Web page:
Joseph Safra, banker seeking a slice of the banana business

By Samantha Pearson

Joe Cummings illustration

Some Brazilian billionaires are known for their lavish yachts, others for their silicon-enhanced young wives and extravagant lifestyles. Joseph Safra’s trademark has always been his silence.

The 75-year-old Sephardi Jew, who arrived in Brazil as a migrant from Lebanon in his 20s, is the world’s second-richest banker, with a fortune of close to $16bn, but his name is barely mentioned in his adopted country. He prefers it that way. As trusted financiers of camel caravans in the Ottoman Empire and guardians of the secrets of the super-rich from Geneva to São Paulo today, the Safra family has discreetly shaped the history of global private banking for more than a century.

So his decision to finance a $1.25bn takeover bid this week for US banana producer Chiquita took the business world aback. Every Safra deal is news to all but a clutch of insiders, known to ward off prying eyes by communicating in ancient Middle Eastern script.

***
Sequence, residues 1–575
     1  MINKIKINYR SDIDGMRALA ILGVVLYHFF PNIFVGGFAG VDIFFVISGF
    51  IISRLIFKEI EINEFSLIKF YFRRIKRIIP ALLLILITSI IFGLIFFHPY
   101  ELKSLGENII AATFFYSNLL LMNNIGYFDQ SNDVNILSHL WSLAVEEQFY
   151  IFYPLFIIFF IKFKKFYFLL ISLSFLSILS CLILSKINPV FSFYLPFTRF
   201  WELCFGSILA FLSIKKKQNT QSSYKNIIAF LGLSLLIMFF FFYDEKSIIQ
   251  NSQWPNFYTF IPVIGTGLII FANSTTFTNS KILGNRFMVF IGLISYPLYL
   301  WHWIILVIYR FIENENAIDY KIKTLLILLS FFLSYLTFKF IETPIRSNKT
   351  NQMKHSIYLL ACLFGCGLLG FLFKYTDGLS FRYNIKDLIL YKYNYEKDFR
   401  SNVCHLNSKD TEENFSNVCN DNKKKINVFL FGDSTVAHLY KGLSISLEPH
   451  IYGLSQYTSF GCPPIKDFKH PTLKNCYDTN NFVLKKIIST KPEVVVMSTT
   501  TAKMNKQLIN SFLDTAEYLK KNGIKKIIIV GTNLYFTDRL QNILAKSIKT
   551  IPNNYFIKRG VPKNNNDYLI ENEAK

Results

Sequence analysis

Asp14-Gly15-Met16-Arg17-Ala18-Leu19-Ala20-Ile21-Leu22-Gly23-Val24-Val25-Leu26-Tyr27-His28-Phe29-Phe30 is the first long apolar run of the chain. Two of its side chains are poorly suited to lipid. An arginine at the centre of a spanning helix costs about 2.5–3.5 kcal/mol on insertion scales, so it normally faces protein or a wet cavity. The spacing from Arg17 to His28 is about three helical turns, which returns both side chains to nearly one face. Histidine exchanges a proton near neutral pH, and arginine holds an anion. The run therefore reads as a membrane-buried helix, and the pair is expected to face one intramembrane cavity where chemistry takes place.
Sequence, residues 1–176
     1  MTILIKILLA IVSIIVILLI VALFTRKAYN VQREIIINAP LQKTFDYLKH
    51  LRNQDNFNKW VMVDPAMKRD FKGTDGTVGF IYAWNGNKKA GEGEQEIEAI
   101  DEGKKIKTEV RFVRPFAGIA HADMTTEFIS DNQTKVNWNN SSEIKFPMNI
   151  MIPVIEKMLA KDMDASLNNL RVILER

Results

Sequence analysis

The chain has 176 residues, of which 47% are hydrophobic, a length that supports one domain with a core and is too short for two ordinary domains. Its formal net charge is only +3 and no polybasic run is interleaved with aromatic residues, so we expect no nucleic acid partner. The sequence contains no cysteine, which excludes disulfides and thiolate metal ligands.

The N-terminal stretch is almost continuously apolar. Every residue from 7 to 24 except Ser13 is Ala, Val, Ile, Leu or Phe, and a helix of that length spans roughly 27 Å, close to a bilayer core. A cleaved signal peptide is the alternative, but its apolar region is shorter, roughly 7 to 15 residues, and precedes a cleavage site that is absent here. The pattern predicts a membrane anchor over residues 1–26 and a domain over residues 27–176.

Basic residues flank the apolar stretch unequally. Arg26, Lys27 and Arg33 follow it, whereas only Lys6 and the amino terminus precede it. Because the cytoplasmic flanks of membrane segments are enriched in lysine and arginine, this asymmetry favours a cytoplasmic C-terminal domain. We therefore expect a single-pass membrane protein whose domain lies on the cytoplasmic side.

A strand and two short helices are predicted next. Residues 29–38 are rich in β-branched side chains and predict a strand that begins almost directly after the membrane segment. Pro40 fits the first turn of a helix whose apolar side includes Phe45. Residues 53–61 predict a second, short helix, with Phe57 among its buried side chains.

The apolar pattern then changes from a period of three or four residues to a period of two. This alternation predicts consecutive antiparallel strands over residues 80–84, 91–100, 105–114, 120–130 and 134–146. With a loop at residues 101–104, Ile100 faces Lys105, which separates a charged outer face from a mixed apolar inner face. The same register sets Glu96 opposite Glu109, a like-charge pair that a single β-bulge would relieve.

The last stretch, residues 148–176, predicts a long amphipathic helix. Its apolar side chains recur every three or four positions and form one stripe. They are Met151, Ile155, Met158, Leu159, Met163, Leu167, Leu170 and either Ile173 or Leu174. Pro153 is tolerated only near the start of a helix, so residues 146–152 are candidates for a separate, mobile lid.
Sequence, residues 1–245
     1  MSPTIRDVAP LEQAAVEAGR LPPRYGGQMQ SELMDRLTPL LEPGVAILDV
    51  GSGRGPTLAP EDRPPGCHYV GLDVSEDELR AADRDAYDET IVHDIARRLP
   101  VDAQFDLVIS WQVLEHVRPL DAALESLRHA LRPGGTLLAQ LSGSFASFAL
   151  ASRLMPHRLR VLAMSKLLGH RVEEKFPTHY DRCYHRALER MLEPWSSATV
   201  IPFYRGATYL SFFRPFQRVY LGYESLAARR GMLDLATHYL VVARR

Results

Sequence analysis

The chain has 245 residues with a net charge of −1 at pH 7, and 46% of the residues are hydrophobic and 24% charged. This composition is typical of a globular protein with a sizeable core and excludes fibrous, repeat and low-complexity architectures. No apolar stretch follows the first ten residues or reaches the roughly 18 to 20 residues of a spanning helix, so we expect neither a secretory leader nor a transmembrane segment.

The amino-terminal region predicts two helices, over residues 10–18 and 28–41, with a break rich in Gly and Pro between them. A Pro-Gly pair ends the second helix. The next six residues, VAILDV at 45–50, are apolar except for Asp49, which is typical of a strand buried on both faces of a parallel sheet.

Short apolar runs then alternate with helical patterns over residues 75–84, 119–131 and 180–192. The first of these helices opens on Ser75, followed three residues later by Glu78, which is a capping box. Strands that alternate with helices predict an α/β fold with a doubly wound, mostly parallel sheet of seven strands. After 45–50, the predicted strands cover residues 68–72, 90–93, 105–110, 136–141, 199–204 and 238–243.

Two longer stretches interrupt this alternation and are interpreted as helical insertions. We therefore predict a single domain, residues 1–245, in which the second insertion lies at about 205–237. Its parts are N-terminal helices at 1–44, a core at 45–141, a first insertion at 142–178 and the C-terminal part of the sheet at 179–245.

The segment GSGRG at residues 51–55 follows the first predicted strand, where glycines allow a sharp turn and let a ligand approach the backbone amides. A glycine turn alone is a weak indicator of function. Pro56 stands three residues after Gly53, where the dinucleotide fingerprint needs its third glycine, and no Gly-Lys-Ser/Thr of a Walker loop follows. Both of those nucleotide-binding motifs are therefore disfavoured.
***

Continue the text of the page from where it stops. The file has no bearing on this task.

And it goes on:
Just as Chiquita and Ireland’s Fyffes were in the final stages of closing their $1bn merger on Monday, Mr Safra and the Cutrale family, Brazil’s leading orange producers, swooped in with an offer to buy the US company for $610.5m and assume all its debt. Chiquita rejected the proposal on Thursday but the chieftain of the Safra empire is unlikely to be easily deterred.

It is a bid that has captured the imagination of the business world, in which bananas have long been a source of fascination. Like the Safra family itself, the most widely grown fruit has been affected by wars, trade disputes and scandal.

Indeed, Mr Safra has not always been able to distance himself from the intrigues of the world of power and money. He was distraught when the Safra name was linked to the investing of clients’ money in the $65bn Bernard Madoff Ponzi scheme in 2009. Ten years earlier, his family endured a distressing whodunnit when his brother, Edmond, was killed in a mysterious arson attack on his Monte Carlo penthouse.